Electrochemistry Fights World Cancer

SA10519_WCD_Logo_4cCancer is among the leading causes of mortality worldwide. According to the World Health Organization, approximately 14 million new cases and 8.2 million cancer related deaths were recorded in 2012. If no major breakthroughs are made in the field, that number is expected to rise by 70 percent over the next two decades. In honor of World Cancer Day, we’re taking a look at a few ways electrochemical and solid state science aids in the fight against cancer.

Electrochemical Biosensing for Cancer Detection
By taking biopsy slices for colon cancer, researchers were able to use electrochemical biosensors to distinguish between cancerous and normal epithelial tissues. This development helped promote rapid cancer detection by eliminating pretreatment and providing results obtained within minutes of biopsy removal. Read the full paper here.

Polymer Based Sensors to Diagnose Breast Cancer
There are many issues that mammography faces, including the uncomfortableness of the screening and exposure to radiation. In order to solve this issues, electrochemical scientists developed an Electrical Impedance Tomography (EIT) system. This radiation-less technique aims to enhance early detection capabilities by generating a 3-D map of the breast. Read the full paper here.

Impedance Sensors to Study Cancer Cells
Scientists are always looking for new ways to study cancer cells in order to gain a greater understanding of the disease and be able to collect data in a more efficient way. In this paper, an electrochemist used an impedance-based method and concluded that it has the potential to be a useful analytical approach for cancer research. Read the full paper here.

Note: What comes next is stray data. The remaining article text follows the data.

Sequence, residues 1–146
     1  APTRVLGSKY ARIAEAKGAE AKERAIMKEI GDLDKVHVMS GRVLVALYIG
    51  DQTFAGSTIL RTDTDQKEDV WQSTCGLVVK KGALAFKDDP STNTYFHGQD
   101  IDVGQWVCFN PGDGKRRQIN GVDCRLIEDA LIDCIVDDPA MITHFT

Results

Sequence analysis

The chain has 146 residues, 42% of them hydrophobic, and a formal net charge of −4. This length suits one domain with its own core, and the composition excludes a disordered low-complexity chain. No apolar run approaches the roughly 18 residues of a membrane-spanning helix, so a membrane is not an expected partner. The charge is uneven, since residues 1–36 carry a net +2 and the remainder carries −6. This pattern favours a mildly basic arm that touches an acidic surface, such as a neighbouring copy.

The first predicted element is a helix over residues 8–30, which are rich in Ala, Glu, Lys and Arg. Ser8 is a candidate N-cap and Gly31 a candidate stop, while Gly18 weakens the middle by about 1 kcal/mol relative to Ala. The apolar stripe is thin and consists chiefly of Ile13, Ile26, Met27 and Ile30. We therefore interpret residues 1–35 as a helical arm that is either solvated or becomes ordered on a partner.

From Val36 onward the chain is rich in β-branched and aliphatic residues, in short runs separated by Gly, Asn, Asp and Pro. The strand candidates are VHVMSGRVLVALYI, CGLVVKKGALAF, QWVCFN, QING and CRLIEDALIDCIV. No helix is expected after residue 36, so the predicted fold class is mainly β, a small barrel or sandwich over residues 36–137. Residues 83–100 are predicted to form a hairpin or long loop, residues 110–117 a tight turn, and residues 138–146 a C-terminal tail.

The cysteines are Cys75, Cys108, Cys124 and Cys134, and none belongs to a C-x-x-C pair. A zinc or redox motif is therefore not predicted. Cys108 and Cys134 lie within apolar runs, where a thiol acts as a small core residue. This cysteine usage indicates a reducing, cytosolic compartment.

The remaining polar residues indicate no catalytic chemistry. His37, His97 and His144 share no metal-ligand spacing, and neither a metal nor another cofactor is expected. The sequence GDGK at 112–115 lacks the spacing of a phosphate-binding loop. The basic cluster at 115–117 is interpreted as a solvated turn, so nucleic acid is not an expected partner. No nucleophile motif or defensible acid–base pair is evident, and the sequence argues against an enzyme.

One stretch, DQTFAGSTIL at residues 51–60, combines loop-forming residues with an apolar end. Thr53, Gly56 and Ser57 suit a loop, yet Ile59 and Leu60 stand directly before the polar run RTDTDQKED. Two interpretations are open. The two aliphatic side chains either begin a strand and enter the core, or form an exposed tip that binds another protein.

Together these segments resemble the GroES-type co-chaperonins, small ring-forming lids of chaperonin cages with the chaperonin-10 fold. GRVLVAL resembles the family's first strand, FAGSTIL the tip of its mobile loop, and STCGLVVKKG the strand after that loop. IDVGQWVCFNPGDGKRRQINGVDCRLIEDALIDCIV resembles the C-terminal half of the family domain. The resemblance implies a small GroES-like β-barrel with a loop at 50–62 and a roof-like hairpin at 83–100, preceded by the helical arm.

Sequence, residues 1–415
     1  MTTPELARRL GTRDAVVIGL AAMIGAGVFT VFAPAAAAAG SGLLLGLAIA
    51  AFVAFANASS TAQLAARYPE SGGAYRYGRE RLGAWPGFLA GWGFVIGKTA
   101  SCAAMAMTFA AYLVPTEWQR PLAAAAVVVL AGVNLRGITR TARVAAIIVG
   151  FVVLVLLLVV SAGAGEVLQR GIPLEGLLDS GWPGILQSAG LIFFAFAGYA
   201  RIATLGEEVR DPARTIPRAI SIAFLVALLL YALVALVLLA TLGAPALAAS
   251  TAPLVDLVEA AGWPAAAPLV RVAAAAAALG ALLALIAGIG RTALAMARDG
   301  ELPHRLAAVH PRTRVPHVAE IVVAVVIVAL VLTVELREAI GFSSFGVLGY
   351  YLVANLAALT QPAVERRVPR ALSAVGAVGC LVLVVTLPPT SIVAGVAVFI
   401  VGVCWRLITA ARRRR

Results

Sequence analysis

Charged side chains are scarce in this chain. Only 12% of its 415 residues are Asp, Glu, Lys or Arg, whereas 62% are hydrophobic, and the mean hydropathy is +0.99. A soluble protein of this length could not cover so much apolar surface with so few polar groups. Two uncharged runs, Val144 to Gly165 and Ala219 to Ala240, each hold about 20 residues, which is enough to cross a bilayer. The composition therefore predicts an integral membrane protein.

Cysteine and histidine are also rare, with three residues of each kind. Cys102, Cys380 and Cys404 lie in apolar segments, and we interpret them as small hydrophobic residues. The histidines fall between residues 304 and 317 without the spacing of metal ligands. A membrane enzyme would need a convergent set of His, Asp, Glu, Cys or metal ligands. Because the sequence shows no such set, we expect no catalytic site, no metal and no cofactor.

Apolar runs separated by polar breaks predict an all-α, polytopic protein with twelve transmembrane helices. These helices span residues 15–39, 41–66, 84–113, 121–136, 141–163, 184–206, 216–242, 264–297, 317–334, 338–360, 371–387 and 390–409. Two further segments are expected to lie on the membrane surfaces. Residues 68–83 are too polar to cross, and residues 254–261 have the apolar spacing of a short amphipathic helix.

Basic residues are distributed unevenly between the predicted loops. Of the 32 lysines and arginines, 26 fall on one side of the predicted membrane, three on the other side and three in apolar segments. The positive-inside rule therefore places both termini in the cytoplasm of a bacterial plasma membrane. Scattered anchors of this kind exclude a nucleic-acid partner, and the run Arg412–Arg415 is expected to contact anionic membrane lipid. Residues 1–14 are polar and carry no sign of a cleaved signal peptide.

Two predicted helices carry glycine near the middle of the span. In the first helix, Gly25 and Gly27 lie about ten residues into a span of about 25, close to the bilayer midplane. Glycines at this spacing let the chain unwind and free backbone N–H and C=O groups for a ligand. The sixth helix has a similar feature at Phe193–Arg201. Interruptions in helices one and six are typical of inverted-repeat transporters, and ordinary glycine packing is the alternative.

Sensors Based on Nanostructured Materials Screen for Specific Biomarkers
With this development and the recovery tests performed using whole blood samples, scientists proved that the new multimode sensors could be used for screening tests of whole blood with high reliability. Read the full paper here.

Using Semiconductor Quantum Dots to Detect Breast Cancer
Current day breast cancer detection has a few flaws that electrochemists and solid state scientists are always looking to improve upon. Here, scientists used a method that utilized quantum dots to observe breast cancer cells as fluorescent cells that had brighter signals compared to those labeled with organic dye. This development could help detected breast cancer in its early stages via a fluorescent signal generator. Read the full paper here.

Electrochemical and solid state science and technology impact many of the world’s greatest dilemmas. Head over to the Digital Library to gain a greater understand of how crucial this field is to solving the biggest issue the world is currently facing.

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